– Has the rabbit lived with children before? If so, how did they respond? If not, discuss proper introductions.
– Does the rabbit get along with other pets? Or display aggressive tendencies? Existing pets at home is an important consideration.
– Very importantly – does the rabbit have any history of biting or aggression? If so, under what circumstances? Be very cautious about adopting a biter until you understand the triggers and can implement proper training.
The more detail you can get on personality, the better you can assess if the rabbit will be a good fit. Be realistic about any problem behaviors you may need to correct, and make sure you have the knowledge and dedication to properly train the rabbit. Taking the time to match personality to your home situation will pay off with years of bunny enjoyment!
4. Approximately how old is the rabbit?
A rabbit’s age is an important factor when considering adoption. Some key questions include:
– What is the rabbit’s exact or approximate age? Get this in weeks/months if young or years if older.
– At what age was the rabbit obtained? Knowing origin can help estimate age if unclear.
– Are they spayed/neutered? Altered rabbits often live 8-10 years, unaltered 5-6 years on average.
– Does the rabbit show any signs of aging like slowed movement, poor vision, or hearing loss? This may indicate an older rabbit.
– Does the rabbit have a history of any medical issues? Some conditions are age-related.
Understanding age helps determine if the rabbit is baby, adolescent, adult, or senior. Each comes with distinct care needs:
– Babies require extra hands-on care and training.
– Adolescents need lots of attention and enrichment as they become more territorial.
– Adult rabbits make great pets and are often very healthy.
– Seniors may start to slow down and need vet checkups to manage age-related conditions.
While baby bunnies are adorable, carefully consider if you can provide attentive early care. Adult and senior rabbits often make wonderful lower-maintenance companions. Getting clarity on age sets realistic expectations for adopting the pet that best fits your home.
5. Does the rabbit have any experience with children?
Rabbits and young children can make great companions – with proper introductions and supervision. When adopting, ask:
– Has this rabbit lived in a home with children before? What ages?
– If so, how did the rabbit respond to the children? Was the rabbit relaxed, playful, fearful, shy, aggressive, etc around them?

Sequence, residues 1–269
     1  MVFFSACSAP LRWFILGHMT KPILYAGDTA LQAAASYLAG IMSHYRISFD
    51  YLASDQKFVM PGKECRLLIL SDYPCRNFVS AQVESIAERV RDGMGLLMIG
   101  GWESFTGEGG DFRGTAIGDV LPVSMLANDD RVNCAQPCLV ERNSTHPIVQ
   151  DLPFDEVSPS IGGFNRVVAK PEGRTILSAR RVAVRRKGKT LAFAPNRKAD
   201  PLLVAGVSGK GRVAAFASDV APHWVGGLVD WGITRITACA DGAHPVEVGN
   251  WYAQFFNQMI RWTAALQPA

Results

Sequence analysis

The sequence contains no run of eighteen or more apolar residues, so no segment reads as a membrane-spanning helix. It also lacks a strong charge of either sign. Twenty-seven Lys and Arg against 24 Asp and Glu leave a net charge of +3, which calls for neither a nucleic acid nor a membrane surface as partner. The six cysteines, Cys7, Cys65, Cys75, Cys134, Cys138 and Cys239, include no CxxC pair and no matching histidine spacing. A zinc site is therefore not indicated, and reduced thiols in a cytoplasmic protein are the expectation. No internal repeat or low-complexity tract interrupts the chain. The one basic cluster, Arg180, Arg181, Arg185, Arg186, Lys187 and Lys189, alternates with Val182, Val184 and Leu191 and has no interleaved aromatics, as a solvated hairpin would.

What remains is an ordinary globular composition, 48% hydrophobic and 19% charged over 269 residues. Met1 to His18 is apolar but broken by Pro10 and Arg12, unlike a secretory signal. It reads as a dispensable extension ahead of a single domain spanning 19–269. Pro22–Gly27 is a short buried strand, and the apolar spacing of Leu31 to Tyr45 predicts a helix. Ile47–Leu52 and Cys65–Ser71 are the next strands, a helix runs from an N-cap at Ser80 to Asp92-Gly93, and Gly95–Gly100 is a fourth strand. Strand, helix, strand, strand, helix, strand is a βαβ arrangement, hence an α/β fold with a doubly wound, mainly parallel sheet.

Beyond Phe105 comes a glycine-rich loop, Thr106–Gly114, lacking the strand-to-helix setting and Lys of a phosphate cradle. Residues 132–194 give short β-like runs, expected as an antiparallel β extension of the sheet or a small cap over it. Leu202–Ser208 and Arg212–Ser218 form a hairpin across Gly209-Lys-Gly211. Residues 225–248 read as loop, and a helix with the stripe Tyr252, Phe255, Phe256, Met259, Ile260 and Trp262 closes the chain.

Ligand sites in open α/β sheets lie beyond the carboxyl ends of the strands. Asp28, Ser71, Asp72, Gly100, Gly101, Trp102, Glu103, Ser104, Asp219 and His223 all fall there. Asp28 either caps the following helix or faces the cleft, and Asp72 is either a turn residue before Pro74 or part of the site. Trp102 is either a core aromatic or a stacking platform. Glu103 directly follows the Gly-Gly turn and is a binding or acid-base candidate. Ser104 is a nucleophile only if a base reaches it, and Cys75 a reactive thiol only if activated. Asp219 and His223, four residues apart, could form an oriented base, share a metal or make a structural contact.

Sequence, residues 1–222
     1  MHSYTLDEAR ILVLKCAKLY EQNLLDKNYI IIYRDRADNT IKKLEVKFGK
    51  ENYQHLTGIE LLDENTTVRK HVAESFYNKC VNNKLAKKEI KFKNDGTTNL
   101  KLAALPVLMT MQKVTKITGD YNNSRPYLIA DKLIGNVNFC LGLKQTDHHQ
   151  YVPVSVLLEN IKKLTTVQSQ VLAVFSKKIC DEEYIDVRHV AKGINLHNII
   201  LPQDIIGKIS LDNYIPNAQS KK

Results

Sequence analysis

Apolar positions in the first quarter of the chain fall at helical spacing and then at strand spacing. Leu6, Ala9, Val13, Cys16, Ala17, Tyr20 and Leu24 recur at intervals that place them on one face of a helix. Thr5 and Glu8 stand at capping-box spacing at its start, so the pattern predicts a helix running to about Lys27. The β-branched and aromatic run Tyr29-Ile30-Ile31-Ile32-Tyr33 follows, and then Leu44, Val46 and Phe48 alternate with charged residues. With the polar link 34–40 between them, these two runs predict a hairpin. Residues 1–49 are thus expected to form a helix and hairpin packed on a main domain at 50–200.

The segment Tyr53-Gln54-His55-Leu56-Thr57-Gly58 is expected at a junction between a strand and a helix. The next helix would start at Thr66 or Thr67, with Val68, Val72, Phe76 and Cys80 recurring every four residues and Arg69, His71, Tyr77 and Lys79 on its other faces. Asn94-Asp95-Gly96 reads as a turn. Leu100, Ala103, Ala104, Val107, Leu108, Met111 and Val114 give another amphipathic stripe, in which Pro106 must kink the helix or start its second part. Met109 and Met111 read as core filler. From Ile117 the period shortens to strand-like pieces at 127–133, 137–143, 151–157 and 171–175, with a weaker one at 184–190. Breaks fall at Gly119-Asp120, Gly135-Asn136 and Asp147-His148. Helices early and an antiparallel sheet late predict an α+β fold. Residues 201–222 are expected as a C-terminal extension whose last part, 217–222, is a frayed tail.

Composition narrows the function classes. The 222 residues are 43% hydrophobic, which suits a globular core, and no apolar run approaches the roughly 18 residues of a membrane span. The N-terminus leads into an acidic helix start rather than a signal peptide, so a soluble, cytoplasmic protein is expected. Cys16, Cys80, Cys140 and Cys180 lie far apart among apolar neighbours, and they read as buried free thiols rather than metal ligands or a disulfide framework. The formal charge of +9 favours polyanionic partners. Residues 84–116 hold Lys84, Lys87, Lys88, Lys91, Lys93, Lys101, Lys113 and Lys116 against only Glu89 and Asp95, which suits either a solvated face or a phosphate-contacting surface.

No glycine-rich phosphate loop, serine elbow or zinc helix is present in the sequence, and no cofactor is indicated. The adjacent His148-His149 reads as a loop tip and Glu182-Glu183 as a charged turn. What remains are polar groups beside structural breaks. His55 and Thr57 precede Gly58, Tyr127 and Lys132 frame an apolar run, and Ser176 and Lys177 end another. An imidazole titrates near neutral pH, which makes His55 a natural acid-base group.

– Did the children know how to properly pick up and handle the rabbit? Were they supervised?
– Is the rabbit tolerant of activity, noises, and messes typical in a child’s environment?
– Are there any situations involving children that seemed stressful for the rabbit? For example, chasing or picking up against its will.
If the rabbit hasn’t lived with children, discuss proper introductions:
– Initial interactions should be gentle and minimized until the rabbit is comfortable.
– Teach children to pet softly, move slowly, and avoid picking up the rabbit.
– Always supervise young children and do not leave them unsupervised with a new rabbit.
– Make sure children wash hands before and after touching the rabbit.
– Set clear rules for handling – for example, do not disturb a sleeping rabbit.
With preparation, rabbits can do very well in households with respectful and attentive children. The key is learning the rabbit’s personality and supervising carefully during introductions. This sets everyone up for success.
6. Has the rabbit lived with other pets?
If you have existing pets, understanding how the rabbit interacts with other animals is very important:
– What types of pets has the rabbit lived with – dogs, cats, birds, rodents, etc?
– What was the rabbit’s reaction to each type of animal? Did they get along well, ignore each other, or display aggression?
– Were there any injuries from fights? This may indicate a high risk of future conflict.
– What precautions were taken when leaving the rabbit unsupervised with other pets?
– Does the rabbit’s personality seem to mesh well with your current pets? For example, fearful rabbits and hyper dogs are not a good match.
– Could the rabbit’s needs, like space requirements or litter habits, clash with any of your pets? This could cause conflicts.
– Are your pets up-to-date on vaccines and veterinary care? This reduces disease transmission risk.
Take time to carefully consider existing pets’ temperaments and the rabbit’s personality before adopting. Having expectations for slow introductions, separate spaces, and controlled interactions can help multi-pet households succeed.
7. Are there any health concerns you should be aware of?